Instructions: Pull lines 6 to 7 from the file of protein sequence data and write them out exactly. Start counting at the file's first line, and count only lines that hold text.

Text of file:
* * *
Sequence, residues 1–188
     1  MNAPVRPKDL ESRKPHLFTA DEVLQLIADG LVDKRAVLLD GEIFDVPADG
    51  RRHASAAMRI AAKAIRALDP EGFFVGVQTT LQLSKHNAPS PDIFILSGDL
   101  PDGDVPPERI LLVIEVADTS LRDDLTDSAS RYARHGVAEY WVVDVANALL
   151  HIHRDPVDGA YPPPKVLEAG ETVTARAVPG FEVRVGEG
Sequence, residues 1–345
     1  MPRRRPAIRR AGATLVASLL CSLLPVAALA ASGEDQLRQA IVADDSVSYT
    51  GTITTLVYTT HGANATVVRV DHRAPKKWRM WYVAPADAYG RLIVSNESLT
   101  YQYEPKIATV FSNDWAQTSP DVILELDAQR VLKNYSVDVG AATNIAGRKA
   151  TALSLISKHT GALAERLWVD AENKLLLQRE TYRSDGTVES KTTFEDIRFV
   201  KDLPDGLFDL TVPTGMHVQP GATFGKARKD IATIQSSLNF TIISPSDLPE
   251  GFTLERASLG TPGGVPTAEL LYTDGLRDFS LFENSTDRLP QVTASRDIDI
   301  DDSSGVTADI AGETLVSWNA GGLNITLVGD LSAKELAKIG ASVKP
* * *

Sequence, residues 1–345
     1  MPRRRPAIRR AGATLVASLL CSLLPVAALA ASGEDQLRQA IVADDSVSYT